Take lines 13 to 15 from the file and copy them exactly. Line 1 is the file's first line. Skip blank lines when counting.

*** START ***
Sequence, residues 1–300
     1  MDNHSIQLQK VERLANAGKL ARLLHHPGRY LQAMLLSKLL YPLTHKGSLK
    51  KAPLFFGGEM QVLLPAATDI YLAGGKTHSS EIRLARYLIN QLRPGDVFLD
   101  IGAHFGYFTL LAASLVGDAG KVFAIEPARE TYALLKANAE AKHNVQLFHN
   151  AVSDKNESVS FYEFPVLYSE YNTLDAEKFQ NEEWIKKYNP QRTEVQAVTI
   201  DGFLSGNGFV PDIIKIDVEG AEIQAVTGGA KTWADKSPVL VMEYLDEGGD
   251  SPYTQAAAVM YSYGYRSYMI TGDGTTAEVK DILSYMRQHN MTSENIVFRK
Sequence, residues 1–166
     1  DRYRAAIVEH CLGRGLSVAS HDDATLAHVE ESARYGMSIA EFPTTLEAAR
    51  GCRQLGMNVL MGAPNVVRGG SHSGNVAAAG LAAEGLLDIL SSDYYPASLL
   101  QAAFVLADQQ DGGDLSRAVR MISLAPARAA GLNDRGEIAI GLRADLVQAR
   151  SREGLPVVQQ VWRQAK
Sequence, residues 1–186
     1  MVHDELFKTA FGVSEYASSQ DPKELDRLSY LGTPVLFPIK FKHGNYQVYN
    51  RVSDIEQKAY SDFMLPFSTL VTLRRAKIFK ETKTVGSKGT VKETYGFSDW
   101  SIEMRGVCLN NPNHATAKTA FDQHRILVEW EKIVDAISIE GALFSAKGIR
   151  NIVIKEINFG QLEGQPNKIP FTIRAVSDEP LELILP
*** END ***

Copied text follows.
Sequence, residues 1–186
     1  MVHDELFKTA FGVSEYASSQ DPKELDRLSY LGTPVLFPIK FKHGNYQVYN
    51  RVSDIEQKAY SDFMLPFSTL VTLRRAKIFK ETKTVGSKGT VKETYGFSDW